survived the Elizabethan, Georgian and Victorian eras, today's exciting
restoration programme aims to return these beautiful gardens to their
former glory. Now with the help and advice of Tom Petherick, who was
integral with the restoration of the gardens at Heligan, much clearing
and planting has been undertaken.
The first extant records of the gardens are drawings
made by Edmund Prideaux in the 1730s. He landscaped the gardens with
hedged walks leading down from the entrance. Following his Grand Tour
and interest in Renaissance art he erected several buildings to provide
points of interest: a classical temple, an obelisk, a grotto and an
exedra, a small stone arbour housing Roman funerary urns whose inscriptions
date them back to 50 AD.
This historic garden has a unique supporter in the shape of a small teddy bear who belongs to the owner, Peter Prideaux-Brune. 'Me Too', with the help of our Administrator, Carmen Hocking, has written an enchanting tale of the adventures he and all the other bears and rabbits get up to at night at Prideaux Place. All the proceeds from this beautifully illustrated book go towards the restoration of the garden and Me Too has already helped to plant 3000 bulbs last Autumn and has plans for planting up the Woodland Walks this Spring.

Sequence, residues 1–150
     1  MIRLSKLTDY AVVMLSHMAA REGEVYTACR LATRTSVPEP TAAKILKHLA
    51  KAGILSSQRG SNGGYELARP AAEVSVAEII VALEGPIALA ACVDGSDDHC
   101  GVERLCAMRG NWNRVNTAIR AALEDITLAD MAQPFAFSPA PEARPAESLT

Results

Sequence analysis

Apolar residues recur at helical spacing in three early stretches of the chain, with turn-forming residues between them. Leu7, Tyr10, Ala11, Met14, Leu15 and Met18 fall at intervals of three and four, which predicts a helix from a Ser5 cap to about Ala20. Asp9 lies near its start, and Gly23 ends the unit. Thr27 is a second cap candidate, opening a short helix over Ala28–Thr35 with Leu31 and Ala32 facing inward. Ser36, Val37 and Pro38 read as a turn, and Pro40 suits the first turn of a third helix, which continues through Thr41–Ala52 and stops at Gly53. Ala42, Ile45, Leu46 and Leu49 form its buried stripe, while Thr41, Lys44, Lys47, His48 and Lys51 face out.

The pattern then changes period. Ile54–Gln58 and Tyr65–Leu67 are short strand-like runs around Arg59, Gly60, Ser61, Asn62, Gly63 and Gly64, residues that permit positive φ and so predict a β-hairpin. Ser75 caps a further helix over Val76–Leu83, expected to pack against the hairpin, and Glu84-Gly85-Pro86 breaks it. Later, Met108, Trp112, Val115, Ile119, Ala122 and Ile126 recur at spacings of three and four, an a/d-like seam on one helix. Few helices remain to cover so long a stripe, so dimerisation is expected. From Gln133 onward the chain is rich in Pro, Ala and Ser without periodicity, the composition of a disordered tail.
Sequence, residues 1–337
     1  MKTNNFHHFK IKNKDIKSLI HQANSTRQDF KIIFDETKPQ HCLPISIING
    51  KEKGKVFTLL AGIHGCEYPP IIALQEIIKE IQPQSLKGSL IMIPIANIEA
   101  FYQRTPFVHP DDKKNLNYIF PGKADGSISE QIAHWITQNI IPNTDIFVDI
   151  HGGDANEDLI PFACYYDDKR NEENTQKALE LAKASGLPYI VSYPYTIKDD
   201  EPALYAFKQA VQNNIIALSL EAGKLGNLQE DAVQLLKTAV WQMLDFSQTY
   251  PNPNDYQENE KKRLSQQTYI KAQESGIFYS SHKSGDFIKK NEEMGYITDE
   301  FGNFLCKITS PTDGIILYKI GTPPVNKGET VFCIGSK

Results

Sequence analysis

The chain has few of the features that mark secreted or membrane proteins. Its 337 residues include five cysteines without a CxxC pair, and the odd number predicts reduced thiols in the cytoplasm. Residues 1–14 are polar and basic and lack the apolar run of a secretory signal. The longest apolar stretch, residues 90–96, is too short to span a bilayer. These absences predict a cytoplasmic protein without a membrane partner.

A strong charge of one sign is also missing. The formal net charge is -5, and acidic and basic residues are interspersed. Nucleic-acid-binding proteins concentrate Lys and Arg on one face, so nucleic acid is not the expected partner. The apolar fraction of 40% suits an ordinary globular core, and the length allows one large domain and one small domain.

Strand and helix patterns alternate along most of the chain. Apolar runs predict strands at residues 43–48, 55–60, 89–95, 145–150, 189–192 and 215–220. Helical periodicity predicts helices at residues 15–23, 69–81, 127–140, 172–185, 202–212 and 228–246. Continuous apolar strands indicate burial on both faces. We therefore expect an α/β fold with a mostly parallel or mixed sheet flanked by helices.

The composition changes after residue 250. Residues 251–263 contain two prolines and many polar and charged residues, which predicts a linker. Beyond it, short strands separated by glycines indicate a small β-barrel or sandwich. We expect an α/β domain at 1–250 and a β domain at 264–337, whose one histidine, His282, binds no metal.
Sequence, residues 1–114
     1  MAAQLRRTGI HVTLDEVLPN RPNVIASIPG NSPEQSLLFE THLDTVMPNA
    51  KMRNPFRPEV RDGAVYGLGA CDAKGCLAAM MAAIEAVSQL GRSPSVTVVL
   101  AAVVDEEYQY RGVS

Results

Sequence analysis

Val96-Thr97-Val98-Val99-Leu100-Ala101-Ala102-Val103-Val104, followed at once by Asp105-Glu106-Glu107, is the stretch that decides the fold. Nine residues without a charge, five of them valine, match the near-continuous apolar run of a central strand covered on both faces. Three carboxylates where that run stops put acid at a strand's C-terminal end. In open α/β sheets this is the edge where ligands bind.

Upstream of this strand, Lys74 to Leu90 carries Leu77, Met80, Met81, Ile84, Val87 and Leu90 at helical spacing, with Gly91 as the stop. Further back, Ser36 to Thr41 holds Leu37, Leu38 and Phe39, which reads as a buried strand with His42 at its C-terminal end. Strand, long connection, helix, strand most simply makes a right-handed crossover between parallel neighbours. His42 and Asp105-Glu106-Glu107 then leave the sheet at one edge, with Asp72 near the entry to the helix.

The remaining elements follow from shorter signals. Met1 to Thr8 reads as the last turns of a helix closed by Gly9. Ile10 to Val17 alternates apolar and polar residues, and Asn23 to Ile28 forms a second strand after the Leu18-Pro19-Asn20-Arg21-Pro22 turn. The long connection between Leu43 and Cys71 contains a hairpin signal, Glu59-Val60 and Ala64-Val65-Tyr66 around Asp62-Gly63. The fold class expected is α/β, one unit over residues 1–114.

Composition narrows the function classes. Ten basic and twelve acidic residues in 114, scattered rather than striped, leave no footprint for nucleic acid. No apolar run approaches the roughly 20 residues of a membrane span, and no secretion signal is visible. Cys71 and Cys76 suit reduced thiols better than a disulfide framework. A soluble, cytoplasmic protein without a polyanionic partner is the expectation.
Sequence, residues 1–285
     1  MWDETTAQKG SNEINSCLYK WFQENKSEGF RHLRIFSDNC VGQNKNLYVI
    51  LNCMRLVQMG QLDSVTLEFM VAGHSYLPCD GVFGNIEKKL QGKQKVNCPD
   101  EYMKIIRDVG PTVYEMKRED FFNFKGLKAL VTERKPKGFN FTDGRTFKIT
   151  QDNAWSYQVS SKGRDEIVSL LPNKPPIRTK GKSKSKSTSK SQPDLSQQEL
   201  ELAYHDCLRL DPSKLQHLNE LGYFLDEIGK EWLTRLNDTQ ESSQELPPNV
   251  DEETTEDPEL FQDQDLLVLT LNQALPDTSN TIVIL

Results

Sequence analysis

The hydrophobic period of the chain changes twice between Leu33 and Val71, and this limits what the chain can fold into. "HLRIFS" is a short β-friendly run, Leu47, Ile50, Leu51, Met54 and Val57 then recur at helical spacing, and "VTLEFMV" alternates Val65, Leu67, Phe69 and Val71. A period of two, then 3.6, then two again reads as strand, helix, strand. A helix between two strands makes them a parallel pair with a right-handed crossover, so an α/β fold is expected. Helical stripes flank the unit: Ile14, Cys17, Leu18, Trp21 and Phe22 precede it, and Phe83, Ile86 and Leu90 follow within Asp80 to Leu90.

See the for further details.
the house one looks across the park with its herd of fallow
deer. It is thought to be the oldest in the country and has
been dated back to its enclosure by the Romans in 435 AD. Legend
has it that if the deer die out, so does the Prideaux family.
Not wishing to test this alarming prediction King George V sent
a virile young buck from his herd at Windsor in 1927 when our
blood line was dwindling. The following morning the gamekeeper
set out to cull the old lead buck and shot the King's buck instead!